Review: Mass Effect: Foundation (#6)

MEFND6Cover Mass Effect: Foundation by Mac Walters (Writer) and Matthew Clarke (Artist).

Mass Effect: Foundation is a series of thirteen comics that explore the back stories of the companions encountered by Commander Shepard, the hero of the video game series Mass Effect.

In the previous issue, Miranda and Jacob set out to collect intel regarding the whereabouts of Commander Shepard’s body. Issue 6 picks up that story. Miranda is captured and Jacob is wounded. The plucky street kid from the last issue comes to the rescue, providing Jacob with a place to rest up, information on the whereabouts of his partner and the weapons to pull off a rescue. Her assistance costs a little more than cash. The Batarian thugs are holding her aunt as well.

Jacob gets to play the hero in this issue. Miranda, the damsel in distress. She doesn’t do distress well. In this particular instance, however, there are too many names to take, so she has to sit back and wait for rescue.

The story is all action and reasonably satisfying for it, especially as it’s a matter of all’s well that ends well. If you’ve played the Mass Effect games, that is not a spoiler. I did get the sense Mac Walters wanted to give Jacob a chance to shine. Might be too little, too late, though. The game is done and no amount of back story and previous heroics is going to make him more interesting. Then again, with the more details of his recruitment to Cerberus, he might flesh out a bit more in game.

What really lets this comic down is the art. It’s not bad art. The proportions are great, anatomy is spot on. The Batarians are really well-drawn, the panels convey action well enough. What’s missing is emotion. The faces are a bit simplified at times. The most disappointing aspect, however, is that Jacob still just doesn’t look like Jacob and Miranda doesn’t look like Miranda.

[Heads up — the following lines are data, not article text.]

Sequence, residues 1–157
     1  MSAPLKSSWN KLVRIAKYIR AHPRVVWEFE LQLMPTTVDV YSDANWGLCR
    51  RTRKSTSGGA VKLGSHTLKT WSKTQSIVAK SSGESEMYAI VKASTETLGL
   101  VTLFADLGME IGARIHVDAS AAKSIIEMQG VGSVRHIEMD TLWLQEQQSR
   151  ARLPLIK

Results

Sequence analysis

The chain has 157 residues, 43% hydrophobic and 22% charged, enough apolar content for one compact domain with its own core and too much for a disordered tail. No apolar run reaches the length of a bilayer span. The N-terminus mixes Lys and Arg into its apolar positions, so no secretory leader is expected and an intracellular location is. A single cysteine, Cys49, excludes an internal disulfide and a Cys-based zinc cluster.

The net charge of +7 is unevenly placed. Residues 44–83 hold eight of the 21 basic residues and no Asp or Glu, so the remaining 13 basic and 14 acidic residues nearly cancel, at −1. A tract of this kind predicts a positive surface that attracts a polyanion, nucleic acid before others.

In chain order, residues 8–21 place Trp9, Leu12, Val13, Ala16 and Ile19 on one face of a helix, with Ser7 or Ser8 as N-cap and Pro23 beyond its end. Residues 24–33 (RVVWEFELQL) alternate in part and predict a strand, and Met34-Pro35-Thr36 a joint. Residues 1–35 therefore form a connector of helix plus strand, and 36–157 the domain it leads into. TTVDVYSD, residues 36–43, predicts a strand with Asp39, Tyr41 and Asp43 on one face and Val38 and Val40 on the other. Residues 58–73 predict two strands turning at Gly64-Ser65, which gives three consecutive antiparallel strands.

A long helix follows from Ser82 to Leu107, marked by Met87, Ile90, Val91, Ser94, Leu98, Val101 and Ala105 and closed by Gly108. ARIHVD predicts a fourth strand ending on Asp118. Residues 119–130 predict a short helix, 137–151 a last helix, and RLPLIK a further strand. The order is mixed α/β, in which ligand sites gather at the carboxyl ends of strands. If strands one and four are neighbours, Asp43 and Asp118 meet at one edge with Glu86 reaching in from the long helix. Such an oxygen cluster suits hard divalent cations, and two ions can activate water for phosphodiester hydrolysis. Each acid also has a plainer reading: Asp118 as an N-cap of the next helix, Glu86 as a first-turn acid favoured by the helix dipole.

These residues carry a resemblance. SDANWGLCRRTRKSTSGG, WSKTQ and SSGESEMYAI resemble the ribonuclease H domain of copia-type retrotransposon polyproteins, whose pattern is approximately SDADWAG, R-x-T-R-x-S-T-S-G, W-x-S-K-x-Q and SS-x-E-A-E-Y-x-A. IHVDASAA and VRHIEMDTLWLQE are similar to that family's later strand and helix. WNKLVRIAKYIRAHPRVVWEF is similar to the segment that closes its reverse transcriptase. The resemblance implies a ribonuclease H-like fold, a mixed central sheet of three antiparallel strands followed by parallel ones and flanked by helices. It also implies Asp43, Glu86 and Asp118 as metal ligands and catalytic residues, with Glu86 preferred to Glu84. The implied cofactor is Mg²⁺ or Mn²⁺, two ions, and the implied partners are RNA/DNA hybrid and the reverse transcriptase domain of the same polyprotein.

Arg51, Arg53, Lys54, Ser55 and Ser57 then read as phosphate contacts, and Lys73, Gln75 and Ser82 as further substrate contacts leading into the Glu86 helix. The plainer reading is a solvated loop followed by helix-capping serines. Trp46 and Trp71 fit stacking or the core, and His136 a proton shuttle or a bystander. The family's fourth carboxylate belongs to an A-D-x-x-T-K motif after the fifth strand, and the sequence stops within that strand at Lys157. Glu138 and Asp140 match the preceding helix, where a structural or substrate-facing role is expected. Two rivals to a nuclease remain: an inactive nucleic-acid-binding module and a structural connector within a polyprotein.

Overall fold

Mass Effect has an almost, no, a verifiably rabid fan base. There is a tonne of fan art out there. Comics, too. A good number of them have better depictions of all the companions. Still, as a dedicated fan of the non-rabid variety, I will continue to read these comics. Jack’s ‘Foundation’ story is coming up and that is one I do not want to miss.

Written for and originally posted at SFCrowsnest.

Review: Mass Effect: Foundation (#5)

20466 Mass Effect: Foundation (#5) by Mac Walters.

Miranda recruits Jacob to Cerberus by offering him a mission he can’t refuse: collecting Shepard’s body from the edge of the galaxy. They travel to the Terminus system to deal with Batarians. We all should know right there things are going to go awry.

This is an interesting installment in the series because it deals with the backstory of more than one character. We have Jacob’s induction into Cerberus, his and Miranda’s interest in finding Shepard, Kai Leng being all jealous at the beginning (he didn’t get the coveted mission) and TIM being his usual, charming, complicated self. There is also a good slice of action and a hint of plot that will take us beyond a single issue of the comic.

I didn’t get to know Jacob any better. He’s as uninteresting here as he is in the game. I know, poor Jacob. But not every character can be compelling. We need some to just sit back and reflect the glory of others. Miranda’s interest in Shepard is…interesting. I assume it’s a scientific thing, but for players who romanced her, more could be read between the lines. Perhaps.

Agent Rasa’s involvement serves as another introduction, but this time the entire comic seems to take place in the past, rather offer a glimpse of it. I assume this is because Rasa is a Cerberus agent, and so in place for this foundation story.

I did enjoy the story in this comic. I also liked the way many of the panels highlighted expression and directed the action. The story and art flowed really seamlessly from place to place. But Miranda didn’t look quite like Miranda and there were some instances where I thought Jacob had been swapped out for Mr. T., but with more hair.

The cliffhanger ending means I will be looking into the next issue, but I do wonder if my attachment to all things Mass Effect plays a greater part in me continuing to read this series. Probably, but I imagine the comics were created to take advantage of just that. It’s not that the stories aren’t interesting. They are. I think where the series feels off to me is Agent Rasa. I get that she’s a unifying element, but I’m not convinced she’s necessary. As a fan, I’d be just as happy to sit down and read through an ordered series of prequels.

Written for SFCrowsnest.